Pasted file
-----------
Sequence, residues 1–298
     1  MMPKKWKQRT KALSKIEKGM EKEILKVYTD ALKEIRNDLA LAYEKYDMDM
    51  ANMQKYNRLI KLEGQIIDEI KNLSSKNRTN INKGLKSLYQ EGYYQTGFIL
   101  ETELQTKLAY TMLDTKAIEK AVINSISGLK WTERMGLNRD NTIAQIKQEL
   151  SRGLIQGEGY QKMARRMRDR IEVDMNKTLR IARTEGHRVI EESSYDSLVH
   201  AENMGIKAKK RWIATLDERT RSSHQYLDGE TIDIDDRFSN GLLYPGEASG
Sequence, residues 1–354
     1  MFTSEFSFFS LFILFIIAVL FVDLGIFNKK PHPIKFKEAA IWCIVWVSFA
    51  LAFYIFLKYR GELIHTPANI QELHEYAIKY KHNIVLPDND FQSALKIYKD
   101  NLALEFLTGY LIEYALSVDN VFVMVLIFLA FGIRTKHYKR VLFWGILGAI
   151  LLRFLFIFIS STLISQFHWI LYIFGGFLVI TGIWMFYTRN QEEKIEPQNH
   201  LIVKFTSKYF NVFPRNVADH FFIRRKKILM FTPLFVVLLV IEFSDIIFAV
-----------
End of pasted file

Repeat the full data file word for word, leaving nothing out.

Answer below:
Sequence, residues 1–298
     1  MMPKKWKQRT KALSKIEKGM EKEILKVYTD ALKEIRNDLA LAYEKYDMDM
    51  ANMQKYNRLI KLEGQIIDEI KNLSSKNRTN INKGLKSLYQ EGYYQTGFIL
   101  ETELQTKLAY TMLDTKAIEK AVINSISGLK WTERMGLNRD NTIAQIKQEL
   151  SRGLIQGEGY QKMARRMRDR IEVDMNKTLR IARTEGHRVI EESSYDSLVH
   201  AENMGIKAKK RWIATLDERT RSSHQYLDGE TIDIDDRFSN GLLYPGEASG
Sequence, residues 1–354
     1  MFTSEFSFFS LFILFIIAVL FVDLGIFNKK PHPIKFKEAA IWCIVWVSFA
    51  LAFYIFLKYR GELIHTPANI QELHEYAIKY KHNIVLPDND FQSALKIYKD
   101  NLALEFLTGY LIEYALSVDN VFVMVLIFLA FGIRTKHYKR VLFWGILGAI
   151  LLRFLFIFIS STLISQFHWI LYIFGGFLVI TGIWMFYTRN QEEKIEPQNH
   201  LIVKFTSKYF NVFPRNVADH FFIRRKKILM FTPLFVVLLV IEFSDIIFAV